Africa remains the Dark Continent. A century and a half ago, the epithet signified ignorance, primarily of the continent’s physical geography but of everything else too, except the coastline. Colonial invaders wanted to know two things only: which local leaders could be played off against each other, and what resources were extractable. Understanding Africa’s cultural and demographic characteristics was of interest only to leisured gentleman-explorers and a few military types planning to take control.
These days the darkness remains. Ignoring Africa while the Middle East burned was a bad move. Conflicts, war crimes, weaponized food supplies, all are on the rise. The effective lack of accountability in a multi-polar world only adds to the caustic mix.
Mozambique is not the only nation in Africa for which the Cold War was an inescapable vortex of violence. Yet it is facing a crisis as militants affiliated to Islamic State intensify a horrific campaign of violence in the Cabo Delgado region, which has a long Indian Ocean coastline and a lot of gas reserves. Those displaced now number upwards of half a million.
Portugal, the former colonial power, has promised to intervene with ground forces. But what of the refugees? Would their story have been reported were it not for the Islamic State angle (and the gas reserves)?
It’s easy to forget that all crises in Africa are to some extent chained together, like convicts. The leaky boats pushing off from Libyan ports are full of sub-Saharan Africans desperately seeking a life, any life, away from poverty, violence, and death in their strife-torn homelands.
Amid the chaos of a global pandemic, a swathe of countries in central Africa have millions of internally displaced persons. Hundreds of thousands more are at imminent risk. Hunger stalks the land. Refugees are fleeing in their millions across borders to regions that can defeat the most robust logistics. Numerous already impoverished countries are dealing with the burdensome fallout.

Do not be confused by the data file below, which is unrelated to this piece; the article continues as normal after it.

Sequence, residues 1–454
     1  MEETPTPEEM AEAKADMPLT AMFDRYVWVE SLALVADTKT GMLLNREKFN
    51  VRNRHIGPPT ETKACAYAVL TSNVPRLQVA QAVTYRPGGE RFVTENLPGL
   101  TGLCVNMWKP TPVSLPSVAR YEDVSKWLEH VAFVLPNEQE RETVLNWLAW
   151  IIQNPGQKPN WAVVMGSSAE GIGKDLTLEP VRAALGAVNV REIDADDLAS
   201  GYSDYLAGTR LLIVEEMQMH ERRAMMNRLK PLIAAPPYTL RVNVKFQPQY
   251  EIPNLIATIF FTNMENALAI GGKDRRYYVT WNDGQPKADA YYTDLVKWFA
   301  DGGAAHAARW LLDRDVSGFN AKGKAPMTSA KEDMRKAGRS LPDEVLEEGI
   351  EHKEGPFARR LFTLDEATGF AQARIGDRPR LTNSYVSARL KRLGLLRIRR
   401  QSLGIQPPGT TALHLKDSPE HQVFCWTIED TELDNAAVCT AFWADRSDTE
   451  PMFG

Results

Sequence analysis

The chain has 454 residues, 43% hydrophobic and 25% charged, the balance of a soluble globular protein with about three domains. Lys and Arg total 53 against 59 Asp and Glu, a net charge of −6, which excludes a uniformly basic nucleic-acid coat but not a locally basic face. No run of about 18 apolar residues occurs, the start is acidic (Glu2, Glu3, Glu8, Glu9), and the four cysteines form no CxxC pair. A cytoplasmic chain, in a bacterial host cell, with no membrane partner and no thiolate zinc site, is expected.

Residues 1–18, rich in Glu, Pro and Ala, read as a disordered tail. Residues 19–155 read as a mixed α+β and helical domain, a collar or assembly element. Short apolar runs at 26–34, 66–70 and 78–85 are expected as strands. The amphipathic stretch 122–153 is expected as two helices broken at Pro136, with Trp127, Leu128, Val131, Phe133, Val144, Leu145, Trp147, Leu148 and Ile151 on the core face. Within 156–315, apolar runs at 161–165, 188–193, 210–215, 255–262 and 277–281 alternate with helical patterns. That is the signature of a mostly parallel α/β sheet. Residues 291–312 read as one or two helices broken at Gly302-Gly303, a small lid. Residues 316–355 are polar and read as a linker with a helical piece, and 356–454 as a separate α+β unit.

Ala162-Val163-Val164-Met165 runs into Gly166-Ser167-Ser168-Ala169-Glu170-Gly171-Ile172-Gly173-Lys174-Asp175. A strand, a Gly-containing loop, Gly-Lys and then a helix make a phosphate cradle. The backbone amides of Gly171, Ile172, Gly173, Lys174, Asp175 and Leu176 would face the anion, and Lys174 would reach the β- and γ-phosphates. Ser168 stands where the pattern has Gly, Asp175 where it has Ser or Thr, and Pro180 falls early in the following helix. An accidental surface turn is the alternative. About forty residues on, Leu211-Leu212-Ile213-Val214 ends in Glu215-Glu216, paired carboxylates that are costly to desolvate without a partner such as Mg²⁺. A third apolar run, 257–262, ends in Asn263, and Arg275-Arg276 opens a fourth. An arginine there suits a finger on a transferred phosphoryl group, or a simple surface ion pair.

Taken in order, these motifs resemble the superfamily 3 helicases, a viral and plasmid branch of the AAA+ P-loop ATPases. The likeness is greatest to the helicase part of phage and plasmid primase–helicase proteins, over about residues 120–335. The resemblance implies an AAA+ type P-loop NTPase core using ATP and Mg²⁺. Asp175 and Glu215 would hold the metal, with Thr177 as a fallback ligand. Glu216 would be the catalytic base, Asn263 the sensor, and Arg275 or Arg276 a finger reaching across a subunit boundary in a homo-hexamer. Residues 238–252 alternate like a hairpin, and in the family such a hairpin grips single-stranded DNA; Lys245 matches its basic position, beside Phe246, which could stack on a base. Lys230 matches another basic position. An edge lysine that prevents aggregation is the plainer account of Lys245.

Africans were first enslaved, then subjugated by the fast-developing Europeans. For good measure, they handed the continent a hospital pass as they left on their ocean steamers.
Independence meant ‘shift for yourself and survive any way you can’. Attempts were made with varying success across the continent to keep whites in power, by hook or crook or gun.
Freshman presidents all over Africa, well-intentioned or not, defaulted to personality-cult demagoguery. They soon found that pesky long-term development projects such as education and health services were out of synch with the ‘election’ cycle, and who knew how expensive healthcare could be?
They were also quick to discover that the most effective tools for clinging onto power were avowed Cold-War partisanship, clan-aligned nepotism, brutal oppression, and outright theft. In Africa, as in many other continents, U.S.-allied dictators, unlike their Marxist-Leninist counterparts, could amass billions of expatriated dollars while their citizens starved, and still get invited to Washington as honoured guests lauded for their ‘resilience’ in facing down Communism.
Today’s Africa, and all our world’s troubled regions, could do with a lucky break.